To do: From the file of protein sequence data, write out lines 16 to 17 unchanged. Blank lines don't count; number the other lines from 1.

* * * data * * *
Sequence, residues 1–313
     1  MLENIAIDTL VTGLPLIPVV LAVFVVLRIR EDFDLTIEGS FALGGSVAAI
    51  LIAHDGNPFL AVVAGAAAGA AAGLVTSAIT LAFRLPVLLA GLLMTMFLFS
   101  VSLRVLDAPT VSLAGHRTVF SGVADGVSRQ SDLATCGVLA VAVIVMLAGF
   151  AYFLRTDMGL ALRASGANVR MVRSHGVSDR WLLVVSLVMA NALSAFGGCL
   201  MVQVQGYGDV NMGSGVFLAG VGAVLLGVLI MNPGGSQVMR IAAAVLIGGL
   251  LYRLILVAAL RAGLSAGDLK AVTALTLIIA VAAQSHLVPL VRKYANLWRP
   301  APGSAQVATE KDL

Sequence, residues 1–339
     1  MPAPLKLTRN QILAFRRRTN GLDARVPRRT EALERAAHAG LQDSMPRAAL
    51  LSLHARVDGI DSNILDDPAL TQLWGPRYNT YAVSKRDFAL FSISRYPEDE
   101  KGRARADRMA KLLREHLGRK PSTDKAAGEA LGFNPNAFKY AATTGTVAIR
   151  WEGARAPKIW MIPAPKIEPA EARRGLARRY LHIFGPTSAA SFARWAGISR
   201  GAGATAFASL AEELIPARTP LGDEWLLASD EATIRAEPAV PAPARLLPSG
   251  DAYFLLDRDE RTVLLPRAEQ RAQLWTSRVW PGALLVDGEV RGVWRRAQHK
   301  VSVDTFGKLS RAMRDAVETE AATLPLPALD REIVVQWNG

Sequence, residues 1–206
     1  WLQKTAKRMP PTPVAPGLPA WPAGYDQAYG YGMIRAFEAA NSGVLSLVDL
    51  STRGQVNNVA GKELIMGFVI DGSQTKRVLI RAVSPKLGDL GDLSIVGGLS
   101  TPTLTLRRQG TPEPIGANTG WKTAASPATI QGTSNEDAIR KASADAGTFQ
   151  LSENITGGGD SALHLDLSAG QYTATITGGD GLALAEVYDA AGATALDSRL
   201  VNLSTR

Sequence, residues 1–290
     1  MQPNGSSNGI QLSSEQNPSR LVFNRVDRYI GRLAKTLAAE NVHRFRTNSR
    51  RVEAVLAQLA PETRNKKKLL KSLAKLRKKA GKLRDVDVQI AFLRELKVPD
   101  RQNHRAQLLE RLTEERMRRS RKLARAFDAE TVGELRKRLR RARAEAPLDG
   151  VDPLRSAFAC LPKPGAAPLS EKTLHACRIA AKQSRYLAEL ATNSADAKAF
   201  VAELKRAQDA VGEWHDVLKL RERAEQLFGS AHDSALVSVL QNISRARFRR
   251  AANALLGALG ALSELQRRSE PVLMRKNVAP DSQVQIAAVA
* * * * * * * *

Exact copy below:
   301  VSVDTFGKLS RAMRDAVETE AATLPLPALD REIVVQWNG

Sequence, residues 1–206